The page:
The archaeological excavation of wooden waggonway remains at Lambton D
by Ian Ayris, John Nolan and Andrew Durkin
The timber waggonway tracks at the site of the former Lambton or Bournmoor D Pit at Fencehouses, near Sunderland are the best preserved and most substantial early wooden railway remains yet to be uncovered in this country. The archaeological excavation of the site exposed over 150 metres of in situ timber, allowing an in-depth analysis of the construction of wooden railways, and the study of individual features, including points and check rails. The related discovery of a brick rail-head platform and the masonry and brick remains of a colliery building also allowed the waggonway complex to be placed within its functional context. Observations from a number of leading figures in the research of early coal transport in the Great Northern Coalfield have been combined with the archaeological record of this highly significant site to provide a detailed description of the wooden waggonway and its relationship to the late 18th and early 19th century colliery.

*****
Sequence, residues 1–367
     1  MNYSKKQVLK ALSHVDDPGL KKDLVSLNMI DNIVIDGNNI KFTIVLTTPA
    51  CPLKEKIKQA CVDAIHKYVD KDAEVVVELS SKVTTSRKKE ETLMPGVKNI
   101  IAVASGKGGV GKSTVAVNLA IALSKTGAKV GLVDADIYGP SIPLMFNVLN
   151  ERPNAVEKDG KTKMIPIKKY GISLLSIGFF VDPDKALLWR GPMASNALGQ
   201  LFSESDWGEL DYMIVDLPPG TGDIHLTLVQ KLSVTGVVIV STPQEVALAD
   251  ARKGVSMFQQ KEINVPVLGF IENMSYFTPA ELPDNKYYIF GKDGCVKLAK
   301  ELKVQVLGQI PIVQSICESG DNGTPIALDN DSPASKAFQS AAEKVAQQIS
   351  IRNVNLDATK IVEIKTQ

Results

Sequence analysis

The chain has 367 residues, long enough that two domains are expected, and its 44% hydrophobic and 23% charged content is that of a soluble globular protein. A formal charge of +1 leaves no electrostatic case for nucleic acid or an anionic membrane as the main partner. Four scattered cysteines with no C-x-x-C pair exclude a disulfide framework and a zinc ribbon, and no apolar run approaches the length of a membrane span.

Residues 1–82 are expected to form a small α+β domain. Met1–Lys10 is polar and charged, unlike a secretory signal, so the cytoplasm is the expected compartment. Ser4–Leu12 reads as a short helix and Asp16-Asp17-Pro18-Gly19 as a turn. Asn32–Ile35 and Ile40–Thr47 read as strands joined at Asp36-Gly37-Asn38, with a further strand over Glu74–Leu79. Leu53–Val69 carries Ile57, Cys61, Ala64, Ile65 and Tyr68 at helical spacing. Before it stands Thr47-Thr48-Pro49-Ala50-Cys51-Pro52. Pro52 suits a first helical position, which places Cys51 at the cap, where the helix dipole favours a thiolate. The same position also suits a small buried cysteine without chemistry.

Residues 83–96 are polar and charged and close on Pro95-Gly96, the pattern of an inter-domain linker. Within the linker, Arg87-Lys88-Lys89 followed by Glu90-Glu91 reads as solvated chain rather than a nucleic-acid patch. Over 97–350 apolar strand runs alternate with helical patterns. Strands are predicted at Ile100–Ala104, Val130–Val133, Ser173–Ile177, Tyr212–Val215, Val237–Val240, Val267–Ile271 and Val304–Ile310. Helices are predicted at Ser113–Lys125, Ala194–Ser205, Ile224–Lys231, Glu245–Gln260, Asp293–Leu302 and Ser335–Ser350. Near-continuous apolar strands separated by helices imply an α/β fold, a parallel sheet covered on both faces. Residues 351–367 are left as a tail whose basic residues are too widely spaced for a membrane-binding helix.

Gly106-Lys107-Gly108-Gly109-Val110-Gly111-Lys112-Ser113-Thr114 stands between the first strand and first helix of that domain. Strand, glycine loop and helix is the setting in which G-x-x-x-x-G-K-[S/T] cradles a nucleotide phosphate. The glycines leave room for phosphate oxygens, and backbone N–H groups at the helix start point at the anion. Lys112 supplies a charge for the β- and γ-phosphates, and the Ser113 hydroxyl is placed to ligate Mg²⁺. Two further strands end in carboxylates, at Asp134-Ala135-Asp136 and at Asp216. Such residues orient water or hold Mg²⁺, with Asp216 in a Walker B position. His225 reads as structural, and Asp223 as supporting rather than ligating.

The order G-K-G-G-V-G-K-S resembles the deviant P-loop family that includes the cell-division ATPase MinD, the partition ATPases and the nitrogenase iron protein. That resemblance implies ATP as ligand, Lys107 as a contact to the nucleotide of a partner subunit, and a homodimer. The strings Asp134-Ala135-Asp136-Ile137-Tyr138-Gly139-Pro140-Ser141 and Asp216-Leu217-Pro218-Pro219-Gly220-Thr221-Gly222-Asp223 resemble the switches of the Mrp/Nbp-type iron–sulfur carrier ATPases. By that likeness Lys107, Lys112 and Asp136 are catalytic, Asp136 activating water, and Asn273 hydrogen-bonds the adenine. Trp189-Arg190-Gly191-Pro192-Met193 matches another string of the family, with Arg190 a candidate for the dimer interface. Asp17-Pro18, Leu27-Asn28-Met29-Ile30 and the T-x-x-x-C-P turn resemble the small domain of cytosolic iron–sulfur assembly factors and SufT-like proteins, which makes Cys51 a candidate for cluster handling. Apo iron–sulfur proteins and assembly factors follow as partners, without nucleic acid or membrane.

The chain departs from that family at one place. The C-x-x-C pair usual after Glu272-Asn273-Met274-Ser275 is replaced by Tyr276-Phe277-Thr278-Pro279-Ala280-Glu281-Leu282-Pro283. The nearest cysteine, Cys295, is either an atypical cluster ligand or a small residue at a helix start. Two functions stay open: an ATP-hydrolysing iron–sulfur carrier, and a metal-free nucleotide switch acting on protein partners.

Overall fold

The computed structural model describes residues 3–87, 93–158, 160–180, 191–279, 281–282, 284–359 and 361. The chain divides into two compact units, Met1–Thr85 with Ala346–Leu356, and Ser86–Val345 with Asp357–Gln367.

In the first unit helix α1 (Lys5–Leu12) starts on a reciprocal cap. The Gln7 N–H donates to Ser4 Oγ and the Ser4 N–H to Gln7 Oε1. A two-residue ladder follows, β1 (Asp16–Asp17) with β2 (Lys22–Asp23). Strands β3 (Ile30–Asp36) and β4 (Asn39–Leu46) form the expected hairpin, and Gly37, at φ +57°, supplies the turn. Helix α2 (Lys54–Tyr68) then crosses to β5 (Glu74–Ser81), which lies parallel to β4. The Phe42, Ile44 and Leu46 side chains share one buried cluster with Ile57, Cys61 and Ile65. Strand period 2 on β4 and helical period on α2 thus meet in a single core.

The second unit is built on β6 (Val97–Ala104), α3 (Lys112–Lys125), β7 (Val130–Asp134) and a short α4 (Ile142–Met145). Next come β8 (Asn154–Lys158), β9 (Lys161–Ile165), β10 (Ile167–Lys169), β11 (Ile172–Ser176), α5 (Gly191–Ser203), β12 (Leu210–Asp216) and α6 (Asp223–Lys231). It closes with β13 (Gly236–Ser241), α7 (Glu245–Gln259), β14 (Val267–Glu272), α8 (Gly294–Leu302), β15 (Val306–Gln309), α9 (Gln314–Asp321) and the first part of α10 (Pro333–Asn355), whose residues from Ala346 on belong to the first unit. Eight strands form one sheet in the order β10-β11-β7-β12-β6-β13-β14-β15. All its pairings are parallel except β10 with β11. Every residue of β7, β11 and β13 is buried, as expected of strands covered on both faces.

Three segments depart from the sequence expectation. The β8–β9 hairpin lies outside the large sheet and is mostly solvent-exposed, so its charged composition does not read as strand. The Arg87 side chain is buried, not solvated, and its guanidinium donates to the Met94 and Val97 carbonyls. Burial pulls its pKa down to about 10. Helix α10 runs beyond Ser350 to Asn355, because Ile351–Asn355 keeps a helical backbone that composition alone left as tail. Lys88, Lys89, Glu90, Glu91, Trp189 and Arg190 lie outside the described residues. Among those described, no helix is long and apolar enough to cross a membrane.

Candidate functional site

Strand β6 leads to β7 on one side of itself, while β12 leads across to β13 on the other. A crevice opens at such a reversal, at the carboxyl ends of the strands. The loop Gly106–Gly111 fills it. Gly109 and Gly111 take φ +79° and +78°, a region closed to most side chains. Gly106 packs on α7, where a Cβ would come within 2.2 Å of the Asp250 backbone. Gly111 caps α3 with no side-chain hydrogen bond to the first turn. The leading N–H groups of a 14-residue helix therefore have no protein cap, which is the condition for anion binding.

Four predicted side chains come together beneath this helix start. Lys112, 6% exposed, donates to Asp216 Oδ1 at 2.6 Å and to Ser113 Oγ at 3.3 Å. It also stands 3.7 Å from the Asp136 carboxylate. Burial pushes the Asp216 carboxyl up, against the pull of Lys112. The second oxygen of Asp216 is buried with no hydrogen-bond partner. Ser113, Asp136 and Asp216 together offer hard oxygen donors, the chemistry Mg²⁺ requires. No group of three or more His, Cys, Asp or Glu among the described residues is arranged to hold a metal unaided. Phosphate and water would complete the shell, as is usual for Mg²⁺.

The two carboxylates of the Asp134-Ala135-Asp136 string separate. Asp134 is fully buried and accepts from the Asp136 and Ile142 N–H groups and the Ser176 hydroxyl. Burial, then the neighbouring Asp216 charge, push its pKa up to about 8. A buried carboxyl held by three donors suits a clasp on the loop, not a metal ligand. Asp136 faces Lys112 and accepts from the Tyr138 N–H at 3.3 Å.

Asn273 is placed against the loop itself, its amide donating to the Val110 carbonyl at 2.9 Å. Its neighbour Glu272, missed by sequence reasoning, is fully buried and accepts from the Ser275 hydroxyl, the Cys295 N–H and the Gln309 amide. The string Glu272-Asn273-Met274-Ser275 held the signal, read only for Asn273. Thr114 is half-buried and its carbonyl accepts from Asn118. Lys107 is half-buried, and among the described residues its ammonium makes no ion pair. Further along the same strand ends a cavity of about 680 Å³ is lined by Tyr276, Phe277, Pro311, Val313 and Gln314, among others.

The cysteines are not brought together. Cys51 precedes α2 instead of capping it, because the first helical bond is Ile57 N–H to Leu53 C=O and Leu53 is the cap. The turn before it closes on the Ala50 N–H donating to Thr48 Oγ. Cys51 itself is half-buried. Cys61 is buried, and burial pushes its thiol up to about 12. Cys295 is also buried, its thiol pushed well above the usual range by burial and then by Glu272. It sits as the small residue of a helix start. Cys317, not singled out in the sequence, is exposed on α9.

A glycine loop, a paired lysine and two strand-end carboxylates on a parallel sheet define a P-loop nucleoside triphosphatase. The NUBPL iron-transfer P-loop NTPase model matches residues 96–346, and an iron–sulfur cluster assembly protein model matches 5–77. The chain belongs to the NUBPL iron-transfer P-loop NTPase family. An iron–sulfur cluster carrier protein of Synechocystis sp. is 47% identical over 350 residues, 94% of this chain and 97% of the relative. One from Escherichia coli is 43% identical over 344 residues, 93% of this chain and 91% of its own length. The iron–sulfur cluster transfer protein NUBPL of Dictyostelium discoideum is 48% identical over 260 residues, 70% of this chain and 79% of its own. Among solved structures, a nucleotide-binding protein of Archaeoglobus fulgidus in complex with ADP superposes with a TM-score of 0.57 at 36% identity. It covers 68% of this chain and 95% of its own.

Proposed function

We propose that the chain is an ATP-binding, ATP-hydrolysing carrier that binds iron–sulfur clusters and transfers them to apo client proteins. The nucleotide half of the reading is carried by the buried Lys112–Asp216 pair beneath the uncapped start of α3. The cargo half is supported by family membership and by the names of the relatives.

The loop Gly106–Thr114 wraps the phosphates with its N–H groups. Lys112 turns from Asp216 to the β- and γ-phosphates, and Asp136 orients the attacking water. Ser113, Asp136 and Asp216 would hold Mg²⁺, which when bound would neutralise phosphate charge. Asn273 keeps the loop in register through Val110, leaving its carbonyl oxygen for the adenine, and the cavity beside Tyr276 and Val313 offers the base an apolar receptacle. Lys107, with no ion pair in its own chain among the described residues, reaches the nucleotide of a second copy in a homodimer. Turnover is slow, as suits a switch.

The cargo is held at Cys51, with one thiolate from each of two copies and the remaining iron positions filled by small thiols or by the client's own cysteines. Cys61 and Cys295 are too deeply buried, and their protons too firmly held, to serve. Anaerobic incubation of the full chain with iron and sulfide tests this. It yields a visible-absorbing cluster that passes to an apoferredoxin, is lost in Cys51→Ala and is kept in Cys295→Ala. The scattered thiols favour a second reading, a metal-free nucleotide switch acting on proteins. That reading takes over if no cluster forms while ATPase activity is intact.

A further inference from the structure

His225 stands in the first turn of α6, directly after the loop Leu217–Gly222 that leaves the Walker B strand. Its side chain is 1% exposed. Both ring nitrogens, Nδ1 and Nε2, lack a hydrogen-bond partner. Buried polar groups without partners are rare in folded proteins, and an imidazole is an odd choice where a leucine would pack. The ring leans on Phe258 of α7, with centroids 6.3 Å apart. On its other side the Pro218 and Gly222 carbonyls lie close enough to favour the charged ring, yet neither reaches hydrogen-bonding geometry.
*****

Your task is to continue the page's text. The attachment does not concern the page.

The introduction of edge-runner incorporating mills in the British gunpowder
by Glenys Crocker and K.R. Fairclough
In Britain, pestle mills had been largely replaced by edge runners for the incorporation of gunpowder by 1772, when they were in general made illegal by Act of Parliament. The earliest known evidence has until recently placed the beginning of this change at c.1720 in mills which supplied private markets. New documentary evidence indicates that the new technology was adopted earlier by powder makers under contract to the government in time of war. This new evidence, in particular inventories of Sir Polycarpus Wharton's powdermills at Sewardstone in Essex, significantly moves forward our knowledge of gunpowder technology in the late 17th and early 18th centuries. Its implications are discussed and transcripts of the Sewardstone inventories are given in an appendix.